[FieldTrip] Calculating the variance of a group with given variances of each subject

Schoffelen, J.M. (Jan Mathijs) janmathijs.schoffelen at donders.ru.nl
Fri Sep 30 13:46:40 CEST 2022

Hi Sebastian,

I would say that for visualization purposes (and for traditional parametric second-level statistics) you are interested in the variance across your units-of-observation. In this case across subjects. This is indeed what ft_timelockgrandaverage gives you. If you are into more sophisticated estimates, it smells a bit as if you want to be moving into the direction of mixed-effect models, which are gaining quite a bit of momentum these days. Since I am a bit old-school I have not eaten any cheese from that (http://www.dwotd.nl/2008/02/360-daar-heb-ik-geen-kaas-van-gegeten.html), so perhaps somebody else wants to chime in here.

Best wishes,

On 26 Sep 2022, at 21:36, Sebastian Neudek via fieldtrip <fieldtrip at science.ru.nl<mailto:fieldtrip at science.ru.nl>> wrote:

Hi all,

I am currently writing my master's thesis using FieldTrip and might need a bit of your expertise for a little hurdle I encountered.

First a few words about what I want to do:
I have data from a MEG-go/nogo study: There are multiple subjects and multiple trials for each condition. I now want to plot the ERF for each condition averaged across all subjects. But together with the ERF I also want to plot the  standard error or variance or confidence interval or standard deviation. Something like this(Figure 3a):
Independent which of these measures I finally use, I need to calculate the variance of the ERF at each timepoint.
To do this I first used ft_timelockanalysis to calculate the averages of each subject. ft_timelockanalysis returns not only the average, but also the variance of the ERF. Afterwards I use ft_timelockgrandaverage to calculate the group average of the ERF.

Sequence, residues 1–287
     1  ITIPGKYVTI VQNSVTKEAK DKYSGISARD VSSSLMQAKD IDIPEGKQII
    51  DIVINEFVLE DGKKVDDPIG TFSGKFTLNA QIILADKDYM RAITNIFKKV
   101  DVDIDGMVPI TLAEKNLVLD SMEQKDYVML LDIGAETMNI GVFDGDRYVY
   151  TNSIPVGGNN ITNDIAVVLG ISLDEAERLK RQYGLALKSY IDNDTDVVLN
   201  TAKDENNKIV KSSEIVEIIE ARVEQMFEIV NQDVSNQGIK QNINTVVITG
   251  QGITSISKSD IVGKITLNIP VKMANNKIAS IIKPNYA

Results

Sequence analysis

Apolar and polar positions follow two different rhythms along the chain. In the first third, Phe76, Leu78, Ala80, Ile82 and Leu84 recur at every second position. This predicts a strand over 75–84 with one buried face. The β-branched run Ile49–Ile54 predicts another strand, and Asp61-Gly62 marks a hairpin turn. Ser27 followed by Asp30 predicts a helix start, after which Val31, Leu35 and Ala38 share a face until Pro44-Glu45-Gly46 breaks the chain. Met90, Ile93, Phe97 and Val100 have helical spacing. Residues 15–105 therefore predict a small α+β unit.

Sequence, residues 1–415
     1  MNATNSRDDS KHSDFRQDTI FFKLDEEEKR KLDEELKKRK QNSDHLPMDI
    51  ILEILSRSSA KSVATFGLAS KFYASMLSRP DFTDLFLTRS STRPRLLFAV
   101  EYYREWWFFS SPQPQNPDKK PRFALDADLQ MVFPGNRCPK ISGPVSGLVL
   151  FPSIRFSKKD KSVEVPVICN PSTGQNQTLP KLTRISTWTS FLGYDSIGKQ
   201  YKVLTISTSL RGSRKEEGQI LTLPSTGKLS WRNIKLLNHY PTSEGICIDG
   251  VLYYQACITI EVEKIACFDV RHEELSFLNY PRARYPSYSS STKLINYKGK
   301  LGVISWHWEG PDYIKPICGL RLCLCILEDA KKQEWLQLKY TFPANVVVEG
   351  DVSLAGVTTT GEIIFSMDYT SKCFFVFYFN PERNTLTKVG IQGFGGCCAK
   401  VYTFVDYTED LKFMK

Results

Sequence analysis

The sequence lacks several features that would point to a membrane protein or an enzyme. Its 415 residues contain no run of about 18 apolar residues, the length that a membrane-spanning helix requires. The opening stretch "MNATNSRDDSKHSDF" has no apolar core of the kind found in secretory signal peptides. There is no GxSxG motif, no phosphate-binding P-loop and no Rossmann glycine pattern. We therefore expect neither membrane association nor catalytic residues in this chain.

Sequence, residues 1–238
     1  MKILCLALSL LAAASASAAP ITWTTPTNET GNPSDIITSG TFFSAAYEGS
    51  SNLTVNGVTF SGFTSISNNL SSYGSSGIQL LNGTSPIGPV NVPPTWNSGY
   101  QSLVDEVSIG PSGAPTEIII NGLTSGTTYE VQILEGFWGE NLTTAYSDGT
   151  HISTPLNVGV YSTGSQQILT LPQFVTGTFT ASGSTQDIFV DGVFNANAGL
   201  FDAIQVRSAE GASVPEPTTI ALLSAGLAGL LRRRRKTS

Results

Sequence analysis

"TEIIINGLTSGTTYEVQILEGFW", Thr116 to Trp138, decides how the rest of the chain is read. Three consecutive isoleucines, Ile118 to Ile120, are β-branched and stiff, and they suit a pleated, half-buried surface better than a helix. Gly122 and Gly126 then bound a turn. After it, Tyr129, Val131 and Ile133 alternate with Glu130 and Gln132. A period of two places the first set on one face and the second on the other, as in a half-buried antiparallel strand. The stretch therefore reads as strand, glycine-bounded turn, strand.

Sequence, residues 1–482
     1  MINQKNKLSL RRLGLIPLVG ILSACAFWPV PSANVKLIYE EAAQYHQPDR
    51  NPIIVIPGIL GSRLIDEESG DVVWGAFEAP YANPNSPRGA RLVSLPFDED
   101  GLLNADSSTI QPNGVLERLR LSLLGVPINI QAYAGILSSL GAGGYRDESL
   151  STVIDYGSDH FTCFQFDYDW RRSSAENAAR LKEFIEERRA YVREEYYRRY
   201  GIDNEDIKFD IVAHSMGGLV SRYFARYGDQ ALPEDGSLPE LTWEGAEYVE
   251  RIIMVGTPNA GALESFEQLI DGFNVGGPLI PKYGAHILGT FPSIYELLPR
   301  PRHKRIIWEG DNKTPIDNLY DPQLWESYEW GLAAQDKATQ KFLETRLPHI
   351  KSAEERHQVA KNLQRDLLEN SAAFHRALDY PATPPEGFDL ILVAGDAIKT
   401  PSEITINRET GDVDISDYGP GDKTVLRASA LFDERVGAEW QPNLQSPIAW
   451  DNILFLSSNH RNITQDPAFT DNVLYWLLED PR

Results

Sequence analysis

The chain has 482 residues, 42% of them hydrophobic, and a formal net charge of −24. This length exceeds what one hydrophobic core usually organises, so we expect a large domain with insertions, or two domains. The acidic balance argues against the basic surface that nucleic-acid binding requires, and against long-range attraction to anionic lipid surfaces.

And this is where my troubles begin. I get how ft_timelockgrandaverage calulates the new average: It averages over the mean values of the subjects (it also accounts for the degrees of freedom). But for the variance it just calculates the variance of the means. I thought, it will also account for the variances of each subject.
In the extreme case it leads to the following:
Imagine you have two subjects and you measure very close averages avg(sub1)=1 and avg(sub2)=1.0001. But their variances are extremly high: var(sub1)=var(sub2)=100. Then the variance calculated by ft_timelockgrandaverage is almost zero, when in reality it should be something like 100.
Maybe this should be noted in ft_timelockgrandaverage, because it can lead to wrong statistics if the user isn't aware of this effect.

Back to my task:
This is surely not the variance I want to use for my ERF plots and therefore I searched for a different calculation.
I found on wikipedia a formula for so called 'pooled variance' (at the bottom of the page for sample-based statistics):

But I am not 100% happy with this pooled variance.
First of all the deegrees of freedom is not accounted for. Then there is a different mean calculated than in ft_timelockgrandaverage: The mean is accounting for the number of trials for each subject. I don't know if the different mean is a pro or a con (On the one hand, means with a higher precisision because of a higher number of trials are weighted higher than means with a lower trial number. On the other hand, each subject on the group should be weighted same).

I also found a second formula on stackexchange, which also calculates a variances of variances:

Therefore I am uncertain which formula to use, because as it seems, they differ.

I hope somebody of you is a little more experienced in statistics than I am and can help me out finding the correct or best calculation for this variance. Best case would be if it is already implemented in fieldtrip and I only missed it, but I can also implement it myself.


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